Cancer Survivorship: Pathways to Health After Treatment:
Survivor-Researcher Mentor Program
“Economics of Survivorship” a personal reflection by Gib Smith
Vice President, Childhood Cancer Ombudsman Program
Board of Directors, Childhood Brain Tumor Foundation
Without one’s health, economic progress for survivors is impossible. With this in mind, I have decided to focus on one issue in particular–access to late effects clinics. Access to late effects clinics is a double-edged sword for cancer survivors. More often than not, insurance companies do not cover such care, which is compounded by the serious dearth of long term follow-up clinics available to the estimated 9.8 million cancer survivors today.
Long term follow-up care is expensive, particularly depending on the type of cancer with which one is diagnosed. Generally, such care encompasses MRIs, X-rays, a bevy of blood work, physical examinations, EEGs, EKGs, and so on. These tests are expensive for survivors or anyone else. It seems apparent to me that survivors require regular follow-up testing as a viable means of preempting the onset of late effects, and at the very least putting the survivor in a position to effectively manage and mitigate them. Currently the Children’s Oncology Group provides guidance on long term follow-up care for pediatric cancer survivors (http://www.childrensoncologygroup.org/disc/LE/default.htm); however, comparable guidelines have not been developed for adult survivors. One way to get around this barrier, if the survivor has access to decent and affordable health care coverage (a whole other issue), is to enlist the aid of their primary care physician. In my opinion, internists make the best “pupils.” You can train your internist, if he or she is willing, to provide you routine long term care under the guise of a yearly check-up. Most time you will need to provide the physician with a copy of your medical records, including treatment and doses, and a list of potential long-term effects. I was able to successfully do this twice. I have no access to a long-term late effect clinic and was forced to seek alternative options. I believe this should be the exception rather than the norm particularly for those survivors treated at academic medical institutions and research centers such as NCI.
The most disturbing information I learned at the conference was that despite the present and justified focus on survivorship issues the number of late effect clinics has not increased since 1997 despite the dramatic increase in survivors. The lack of resources available to cancer survivors makes it all the more difficult, from economic and practical standpoints, for survivors to access the much needed follow-up care. More survivors are forced to pay out-of-pocket for services or forego late effects treatment altogether. Not only is this dangerous from the survivor’s health perspective, but also the loss of valuable resources and knowledge to be gained from these survivors is detrimental to the well-being of future survivors and improved modalities. We must all remember that surviving does not end with the conclusion of treatment, but continues with us the rest us of our lives. I view the participation in late effects clinics as a real, concrete vehicle to help future survivors ease the burden of potential late effects, improve their overall quality of life, and promote new and more effective treatments.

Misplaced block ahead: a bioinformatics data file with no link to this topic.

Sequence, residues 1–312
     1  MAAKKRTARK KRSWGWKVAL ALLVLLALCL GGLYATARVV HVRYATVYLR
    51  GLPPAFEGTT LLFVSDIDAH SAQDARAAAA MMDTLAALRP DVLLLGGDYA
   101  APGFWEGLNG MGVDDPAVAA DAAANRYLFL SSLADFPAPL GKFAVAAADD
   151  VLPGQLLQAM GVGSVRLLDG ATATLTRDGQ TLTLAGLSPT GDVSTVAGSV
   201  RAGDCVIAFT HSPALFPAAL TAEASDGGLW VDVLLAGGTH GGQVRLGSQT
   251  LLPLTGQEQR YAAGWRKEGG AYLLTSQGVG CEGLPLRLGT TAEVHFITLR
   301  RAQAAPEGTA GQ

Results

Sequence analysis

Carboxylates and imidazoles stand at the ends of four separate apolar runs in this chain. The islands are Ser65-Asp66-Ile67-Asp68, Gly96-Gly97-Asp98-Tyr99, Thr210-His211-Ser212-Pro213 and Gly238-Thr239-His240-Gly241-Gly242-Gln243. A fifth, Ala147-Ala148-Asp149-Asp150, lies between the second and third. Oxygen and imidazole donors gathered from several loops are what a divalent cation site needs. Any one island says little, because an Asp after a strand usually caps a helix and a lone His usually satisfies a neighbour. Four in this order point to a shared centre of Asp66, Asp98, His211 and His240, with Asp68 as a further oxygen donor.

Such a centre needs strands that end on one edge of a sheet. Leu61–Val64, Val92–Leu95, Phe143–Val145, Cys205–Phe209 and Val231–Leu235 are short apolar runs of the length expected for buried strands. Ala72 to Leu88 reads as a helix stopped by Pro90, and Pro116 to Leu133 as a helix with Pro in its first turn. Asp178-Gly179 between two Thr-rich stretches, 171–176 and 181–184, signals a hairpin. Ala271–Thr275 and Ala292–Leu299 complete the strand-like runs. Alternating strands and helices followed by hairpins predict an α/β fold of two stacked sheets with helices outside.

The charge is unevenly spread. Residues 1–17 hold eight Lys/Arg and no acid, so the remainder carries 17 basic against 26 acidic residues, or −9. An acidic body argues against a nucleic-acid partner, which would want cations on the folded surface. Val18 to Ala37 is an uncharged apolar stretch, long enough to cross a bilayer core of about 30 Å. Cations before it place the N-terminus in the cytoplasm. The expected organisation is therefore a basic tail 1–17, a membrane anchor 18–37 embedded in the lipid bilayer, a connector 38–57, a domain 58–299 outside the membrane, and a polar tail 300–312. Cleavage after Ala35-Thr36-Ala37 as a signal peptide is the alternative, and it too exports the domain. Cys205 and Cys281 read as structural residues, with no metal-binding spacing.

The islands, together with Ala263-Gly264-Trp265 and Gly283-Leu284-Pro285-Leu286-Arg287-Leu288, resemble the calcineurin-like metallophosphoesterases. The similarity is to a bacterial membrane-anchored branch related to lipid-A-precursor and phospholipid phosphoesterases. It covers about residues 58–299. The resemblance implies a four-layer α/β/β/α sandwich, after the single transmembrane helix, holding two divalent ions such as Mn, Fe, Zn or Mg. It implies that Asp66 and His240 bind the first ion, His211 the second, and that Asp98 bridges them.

In my opinion, academic hospitals, research centers and the like treating cancer patients have a moral obligation to provide systematic and long-term follow-up care for survivors, not only for the immediate benefit of survivors, but for future survivors as well. Our ultimate goal is to eradicate cancer and all late effects and this can only be accomplished through dedicated and comprehensive research involving survivors. I laud NCI and their focus on survivorship issues as well as their goal of eliminating cancer in 2015. This was one of the main themes of conference. However, I was surprised to learn that despite being the leading proponent of the survivorship efforts, NCI only offers a long-term late effects clinic for sarcoma patients treated there.
As the leading force behind the survivorship movement and the goal of eliminating cancer in 2015, NCI should be setting the standard for late effects clinics, leading the way as part of the solution and not part of the problem. With hundreds—maybe thousands—of survivors to its credit, NCI has the opportunity to mine a wealth of data from its survivors. Such data would certainly help them achieve their 2015 goal and help to improve the plight of current and future survivors.
These issues can be directly related to economics. Without the resources to fund new long-term late effects clinics, more survivors will be forced to pay out of pocket or forego follow-up care altogether. The data lost from these survivors can only retard the survivorship movement and slow progress and research. I realize increasing the number of and access to late effects clinics is no small task despite its importance. At minimum, upon completion of treatment, each patient should be provided a personal protocol outlining the potential late effects he/she may be at risk for, the types specialists needed to manage these late effects, and the regular tests to be done to mitigate them.